KJ: Homosexuality is illegal in Uganda. For many people and institutions, it is a no- go area. Many of us have been expelled from schools just for writing love letters to our same-sex lovers, something our heterosexual colleagues are not expelled for. My principal at university even made me sign a memorandum of understanding that I would not go anywhere within a radius of 100 metres of the girls' hostels because I am a lesbian! So many lesbian, gay, bisexual, transgender and intersex (LGBTI) persons have been expelled, sacked from jobs and sent away from families. Many do not receive appropriate and necessary healthcare services for fear of revealing their sexual orientation, identity or preferences. Transgender individuals and lesbians have been subjected to ‘curative’ rape and the perpetrators in most of the cases recorded come from the victims’ immediate families.
LGBTI persons if identified are harassed on the streets, in public recreation centres and churches. Many have been evicted from their houses by landlords. I was once thrown out of a public taxi[i]because a woman who identified me as a lesbian said she would rather pay for the empty space beside her than have me sit in the same vehicle as her. When I got out of the taxi she continued to shout and draw attention to me. Somebodaboda[ii] riders stationed nearby heard her and one of them whom I didn’t identify hit me on the head with a hard, sharp object. So it is really not a safe environment for LGBTI persons, especially those of us who are out and are actively doing advocacy work to end the criminalization.
AWID: Of grave concern is the Anti-Homosexuality Bill of 2009 currently pending before Parliament. What the Bill is about, and what are its implications for LGBTI individuals?
KJ: Currently, section 140 of the Ugandan Penal Code criminalizes ‘carnal knowledge against the order of nature’ with a maximum sentence of life imprisonment. Section 141 punishes ‘attempts’ at carnal knowledge with a maximum of seven years’ imprisonment. Section 143 punishes acts of ‘gross indecency’ with up to five years in prison. While the Penal Code does not specifically refer to same-sex practices between women, lesbians face the same hostility from both state and non-state actors.
The 2009 Anti-Homosexuality Bill expands the range of same-sex relations that would be criminalized regardless of whether or not the parties are consenting adults. It introduces an offence known as “aggravated homosexuality” for which the penalty is death. People living with HIV and AIDS who engage in same-sex relations are one of the categories of people who would be affected by this offence. Anyone who 'aids' or 'abets' homosexuality will also face criminal penalties.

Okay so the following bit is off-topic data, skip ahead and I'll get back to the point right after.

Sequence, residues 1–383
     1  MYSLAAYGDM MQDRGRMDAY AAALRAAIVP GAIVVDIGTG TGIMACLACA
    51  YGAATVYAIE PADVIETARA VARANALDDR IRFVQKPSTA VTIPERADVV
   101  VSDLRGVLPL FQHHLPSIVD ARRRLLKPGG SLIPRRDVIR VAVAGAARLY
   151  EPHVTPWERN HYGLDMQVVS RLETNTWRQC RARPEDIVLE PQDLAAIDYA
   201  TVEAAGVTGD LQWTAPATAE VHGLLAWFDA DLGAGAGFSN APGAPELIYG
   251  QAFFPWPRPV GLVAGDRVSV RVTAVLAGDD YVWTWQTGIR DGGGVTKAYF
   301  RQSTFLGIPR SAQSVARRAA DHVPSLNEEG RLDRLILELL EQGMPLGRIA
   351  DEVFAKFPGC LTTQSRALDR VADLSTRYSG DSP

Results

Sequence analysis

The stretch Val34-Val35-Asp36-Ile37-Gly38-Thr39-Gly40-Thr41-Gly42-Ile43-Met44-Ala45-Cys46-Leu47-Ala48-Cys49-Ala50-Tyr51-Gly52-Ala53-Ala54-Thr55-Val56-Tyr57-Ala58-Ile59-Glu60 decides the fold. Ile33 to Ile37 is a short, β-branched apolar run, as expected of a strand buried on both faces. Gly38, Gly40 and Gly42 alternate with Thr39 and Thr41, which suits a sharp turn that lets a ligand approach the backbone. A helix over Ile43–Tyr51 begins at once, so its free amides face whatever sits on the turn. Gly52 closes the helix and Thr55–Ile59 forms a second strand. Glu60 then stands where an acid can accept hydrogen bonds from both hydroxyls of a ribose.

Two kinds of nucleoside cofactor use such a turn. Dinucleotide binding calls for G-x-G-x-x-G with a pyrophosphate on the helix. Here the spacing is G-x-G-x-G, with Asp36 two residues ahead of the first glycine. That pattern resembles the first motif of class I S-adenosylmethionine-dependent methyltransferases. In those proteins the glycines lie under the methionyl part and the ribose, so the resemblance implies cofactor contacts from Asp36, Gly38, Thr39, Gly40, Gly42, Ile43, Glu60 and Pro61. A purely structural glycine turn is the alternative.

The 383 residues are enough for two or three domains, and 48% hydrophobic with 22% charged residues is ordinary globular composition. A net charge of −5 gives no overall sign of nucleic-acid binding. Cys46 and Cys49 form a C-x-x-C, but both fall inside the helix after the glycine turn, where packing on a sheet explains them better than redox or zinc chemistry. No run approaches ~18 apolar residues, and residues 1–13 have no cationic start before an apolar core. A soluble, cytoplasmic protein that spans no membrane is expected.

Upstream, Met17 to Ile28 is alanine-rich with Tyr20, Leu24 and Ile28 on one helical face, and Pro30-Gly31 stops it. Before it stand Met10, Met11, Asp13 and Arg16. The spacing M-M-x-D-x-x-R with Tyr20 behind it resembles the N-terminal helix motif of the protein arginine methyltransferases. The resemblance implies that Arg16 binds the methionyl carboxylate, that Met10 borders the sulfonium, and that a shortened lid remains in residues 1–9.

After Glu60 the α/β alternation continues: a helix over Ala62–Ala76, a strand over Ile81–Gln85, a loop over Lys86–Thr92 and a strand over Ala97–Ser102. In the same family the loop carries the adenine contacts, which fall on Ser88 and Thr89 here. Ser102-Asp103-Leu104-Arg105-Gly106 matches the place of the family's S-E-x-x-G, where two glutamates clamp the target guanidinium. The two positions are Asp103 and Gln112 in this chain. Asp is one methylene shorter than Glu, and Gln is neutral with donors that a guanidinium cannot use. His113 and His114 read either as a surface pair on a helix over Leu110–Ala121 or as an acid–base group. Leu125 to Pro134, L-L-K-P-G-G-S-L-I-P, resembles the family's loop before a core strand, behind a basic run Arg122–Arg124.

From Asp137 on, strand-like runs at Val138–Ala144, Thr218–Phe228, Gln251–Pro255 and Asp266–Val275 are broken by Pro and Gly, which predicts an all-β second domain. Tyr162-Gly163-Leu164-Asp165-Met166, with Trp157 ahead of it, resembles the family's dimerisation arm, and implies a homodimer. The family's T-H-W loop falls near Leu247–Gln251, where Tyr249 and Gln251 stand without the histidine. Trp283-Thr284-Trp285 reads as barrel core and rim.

Generally this Bill is just an additional proposed piece legislation to further criminalize and abuse the rights of LGBTI persons. There is currently a lot of public incitement from high profile persons like religious leaders, Ministers, Members of Parliament and so on. This has further victimized LGBTI persons: The people in power and the State that is supposed to protect us are instead calling for harsher laws against us. It is very scary not to know what the future holds for you especially when it includes facing death. Many of us are now underground for fear of abuse by State and non-state actors since lots of allegations and lies are being fuelled in the public. Many people who didn’t even have a problem with us before are now being influenced and by the anti-gay crusaders who are saying all sorts of things about us. There are allegations that members of the LGBTI community recruit children, break up families and spread HIV/AIDS through sodomy. Some cannot even go to church because every sermon is about how sick we are and what sinners we are. There is a lot of talk about how we have dirty sex from eating our faeces to urinating in our mouths. This has made the public so angry that they are ready to strike at homosexuals. Many of us are now back in the closet. I am forced to work from home now for fear of being beaten on the streets since I make frequent television appearances.
The tension and mistrust within the LGBTI community is high and there are some reports of LGBTI individuals blackmailing others. During social events one is never sure that there aren’t spies present and many LGBTI persons are now confined to their own homes. Some of our own activists are making claims that we are indeed recruiters.